"American Housewife" (ABC) makes us laugh. It's "sitcom-my" in that it feels assembled and engineered to crank out punchlines whether the situations all feel completely plausible or not. But when it's done this well - anchored by a manic, sideways-glancing performance by Katy Mixon - it works.
"The Big Bang Theory" (CBS) offers a textbook example of "habit-viewing" - we watch it because we've always watched it. The completist in us needs to see it through to the end. It's mostly enjoyable, often amusing, but rarely hilarious. [We can say the same thing about ABC's "Modern Family" - a show that does still sometimes hit a home run, but mostly at this point coasts on past success.]
"Black-ish" (ABC) may seem at first like a 21st-century spin on "The Cosby Show." Upper-class African-American parents try to raise their oddball kids. But this is a show with satirical bite, an affection for the surreal, and big ambition for social change. Sharp and smart.
"Blindspot" (NBC) remains completely wack in its second season, packed full of twists and double-agents and ridiculous plot leaps and a computer tech who can literally do anything with a keyboard and a mouse and those dumb tattoos. It's implausible in so many ways. But we keep watching it. [For the record, the two-twists-per-episode screeching melodrama of "Empire" (Fox) and "How to Get Away with Murder" (ABC) are equally insane but we gave up on those shows after the first season. It was just too much.]
"Code Black" (NBC) offers a spiritual reboot of "ER." That either excites you or it doesn't. We didn't realize how much we missed that "ER" mix of strange medical jargon, workplace politics, guest stars looking for Emmys, and shocking medical tragedy packed as densely as possible into 50 minutes. Plus, Luis Guzman as a worldly nurse.
"Designated Survivor" (ABC) provides a fictional president that some Americans may be desperately craving: humble, measured, thoughtful President Kirkman (Keifer Sutherland) isn't the type to blast people on Twitter at 3:00am. The show is very well made and very compelling... but thanks to the efforts of a tireless FBI agent, who's all alone (of course) figuring out who blew up the Capitol, the audience is way way ahead of poor Kirkman and his staff. This is creating some serious narrative frustration. This is a show that needs to get things out in the open and kick it up a notch.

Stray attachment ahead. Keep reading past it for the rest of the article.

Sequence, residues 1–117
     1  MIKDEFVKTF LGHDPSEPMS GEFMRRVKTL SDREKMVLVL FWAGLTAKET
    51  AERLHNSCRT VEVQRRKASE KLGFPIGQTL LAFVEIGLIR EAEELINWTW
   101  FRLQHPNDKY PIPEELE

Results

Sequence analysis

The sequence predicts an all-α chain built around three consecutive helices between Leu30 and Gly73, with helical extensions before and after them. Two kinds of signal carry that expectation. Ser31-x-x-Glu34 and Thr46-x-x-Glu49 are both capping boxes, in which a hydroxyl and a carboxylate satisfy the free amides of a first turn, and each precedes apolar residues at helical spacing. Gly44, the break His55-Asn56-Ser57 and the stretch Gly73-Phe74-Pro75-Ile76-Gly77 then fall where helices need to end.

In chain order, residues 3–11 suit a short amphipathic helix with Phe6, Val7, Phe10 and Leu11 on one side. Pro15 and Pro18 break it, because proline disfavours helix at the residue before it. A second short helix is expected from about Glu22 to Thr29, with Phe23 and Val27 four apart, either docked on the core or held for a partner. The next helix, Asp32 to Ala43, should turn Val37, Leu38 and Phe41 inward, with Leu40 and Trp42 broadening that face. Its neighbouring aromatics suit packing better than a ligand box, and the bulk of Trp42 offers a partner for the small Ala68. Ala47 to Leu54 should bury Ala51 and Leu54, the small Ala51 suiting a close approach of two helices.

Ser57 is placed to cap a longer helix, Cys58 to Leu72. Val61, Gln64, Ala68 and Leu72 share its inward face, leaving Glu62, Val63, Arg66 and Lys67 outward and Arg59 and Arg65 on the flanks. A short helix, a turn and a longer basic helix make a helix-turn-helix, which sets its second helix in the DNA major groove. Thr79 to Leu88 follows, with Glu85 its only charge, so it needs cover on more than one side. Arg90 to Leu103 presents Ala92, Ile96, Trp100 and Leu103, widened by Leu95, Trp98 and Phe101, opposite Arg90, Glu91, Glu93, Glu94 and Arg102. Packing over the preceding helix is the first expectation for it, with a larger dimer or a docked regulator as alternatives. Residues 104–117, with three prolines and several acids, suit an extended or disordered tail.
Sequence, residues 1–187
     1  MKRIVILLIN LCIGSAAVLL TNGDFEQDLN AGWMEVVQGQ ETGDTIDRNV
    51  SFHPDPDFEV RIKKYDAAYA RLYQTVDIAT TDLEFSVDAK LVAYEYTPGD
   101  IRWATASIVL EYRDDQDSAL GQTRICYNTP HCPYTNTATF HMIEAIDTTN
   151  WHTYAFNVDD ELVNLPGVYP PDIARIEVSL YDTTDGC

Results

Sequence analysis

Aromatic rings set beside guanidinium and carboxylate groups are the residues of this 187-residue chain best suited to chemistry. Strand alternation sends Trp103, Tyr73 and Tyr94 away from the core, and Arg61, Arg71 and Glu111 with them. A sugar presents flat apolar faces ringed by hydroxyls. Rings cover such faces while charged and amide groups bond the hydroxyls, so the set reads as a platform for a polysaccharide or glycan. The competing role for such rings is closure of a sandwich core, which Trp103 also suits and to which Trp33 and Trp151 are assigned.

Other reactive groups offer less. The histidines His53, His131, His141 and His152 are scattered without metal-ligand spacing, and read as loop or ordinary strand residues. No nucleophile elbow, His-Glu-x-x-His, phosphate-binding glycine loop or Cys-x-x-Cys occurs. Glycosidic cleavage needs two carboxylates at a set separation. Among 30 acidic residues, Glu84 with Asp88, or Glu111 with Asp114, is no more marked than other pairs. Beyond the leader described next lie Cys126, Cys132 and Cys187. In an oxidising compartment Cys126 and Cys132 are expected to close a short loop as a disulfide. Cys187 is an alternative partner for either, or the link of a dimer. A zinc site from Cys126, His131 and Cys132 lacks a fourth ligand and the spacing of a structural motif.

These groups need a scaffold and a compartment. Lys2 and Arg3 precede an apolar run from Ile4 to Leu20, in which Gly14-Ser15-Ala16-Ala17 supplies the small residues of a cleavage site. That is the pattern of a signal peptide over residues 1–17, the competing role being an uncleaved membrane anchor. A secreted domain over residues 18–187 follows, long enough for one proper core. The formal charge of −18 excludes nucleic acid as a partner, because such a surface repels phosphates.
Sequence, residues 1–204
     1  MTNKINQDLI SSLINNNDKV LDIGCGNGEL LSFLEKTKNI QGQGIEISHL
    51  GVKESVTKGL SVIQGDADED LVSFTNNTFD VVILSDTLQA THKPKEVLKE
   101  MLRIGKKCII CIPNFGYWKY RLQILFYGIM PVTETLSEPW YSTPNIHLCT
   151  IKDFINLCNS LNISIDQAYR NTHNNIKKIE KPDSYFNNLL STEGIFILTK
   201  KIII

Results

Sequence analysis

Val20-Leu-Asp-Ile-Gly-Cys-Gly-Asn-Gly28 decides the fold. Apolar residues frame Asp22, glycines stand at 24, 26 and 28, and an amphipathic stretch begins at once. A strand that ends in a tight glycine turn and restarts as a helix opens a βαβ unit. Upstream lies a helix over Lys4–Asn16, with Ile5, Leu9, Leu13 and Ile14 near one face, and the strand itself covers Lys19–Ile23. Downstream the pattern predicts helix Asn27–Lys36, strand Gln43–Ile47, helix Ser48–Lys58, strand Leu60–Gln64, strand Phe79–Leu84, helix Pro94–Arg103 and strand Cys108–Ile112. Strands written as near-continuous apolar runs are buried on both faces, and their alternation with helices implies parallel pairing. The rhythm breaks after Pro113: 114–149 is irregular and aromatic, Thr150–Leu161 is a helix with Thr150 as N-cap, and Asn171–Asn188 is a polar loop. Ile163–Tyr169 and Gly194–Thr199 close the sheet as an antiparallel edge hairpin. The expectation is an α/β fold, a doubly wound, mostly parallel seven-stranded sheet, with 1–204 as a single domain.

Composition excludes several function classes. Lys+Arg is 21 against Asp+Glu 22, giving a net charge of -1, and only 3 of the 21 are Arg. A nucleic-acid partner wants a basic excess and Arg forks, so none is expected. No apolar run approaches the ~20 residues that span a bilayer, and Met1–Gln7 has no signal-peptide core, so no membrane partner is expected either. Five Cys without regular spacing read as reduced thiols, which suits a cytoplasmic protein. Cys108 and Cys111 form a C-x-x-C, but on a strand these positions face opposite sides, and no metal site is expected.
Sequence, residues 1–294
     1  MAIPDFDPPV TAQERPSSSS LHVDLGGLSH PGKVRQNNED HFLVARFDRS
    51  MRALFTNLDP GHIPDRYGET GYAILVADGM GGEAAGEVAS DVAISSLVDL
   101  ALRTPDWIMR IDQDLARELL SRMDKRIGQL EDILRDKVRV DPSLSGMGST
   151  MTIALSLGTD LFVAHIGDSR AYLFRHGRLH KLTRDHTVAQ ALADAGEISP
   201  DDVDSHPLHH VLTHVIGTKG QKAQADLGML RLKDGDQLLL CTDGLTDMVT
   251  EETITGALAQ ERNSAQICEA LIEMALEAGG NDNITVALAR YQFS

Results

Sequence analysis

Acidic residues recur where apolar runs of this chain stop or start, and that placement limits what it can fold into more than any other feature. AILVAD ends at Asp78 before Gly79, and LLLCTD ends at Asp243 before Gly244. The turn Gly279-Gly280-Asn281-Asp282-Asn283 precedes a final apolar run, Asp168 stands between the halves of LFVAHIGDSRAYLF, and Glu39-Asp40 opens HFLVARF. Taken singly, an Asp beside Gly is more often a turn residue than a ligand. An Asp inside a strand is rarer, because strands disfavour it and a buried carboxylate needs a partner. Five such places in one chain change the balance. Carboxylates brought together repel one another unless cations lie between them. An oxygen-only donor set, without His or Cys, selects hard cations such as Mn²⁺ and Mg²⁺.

"The Good Place" (NBC) may not be the funniest show on the air, but it is without question the most creative and inventive show one the air, taking place as it does in heaven and involving a clerical error that sends there an undeserving person. Genius all the way around.
"Superstore" (NBC) is quickly evolving into a worthy blue-collar retail companion to NBC's brilliant "The Office." Quirky characters, workplace setting, snappy dialogue, plus those curious little B-roll vignettes. It's fantastic.
"Survivor" (CBS) continues to deliver the goods, exploring fascinating social dynamics - you're voting people out who will ultimately decide if you deserve the prize - amid ever-changing gameplay and strategy. The season that just wrapped was particularly strong. Yeah, we can't believe it either.
"This Is Us" (NBC) delivers manipulative, contrived schmaltz about the everyday dramas of an extended family. But it benefits greatly from a clever, time-shifting premise and a surprisingly strong cast. We hate ourselves for liking it as much as we do.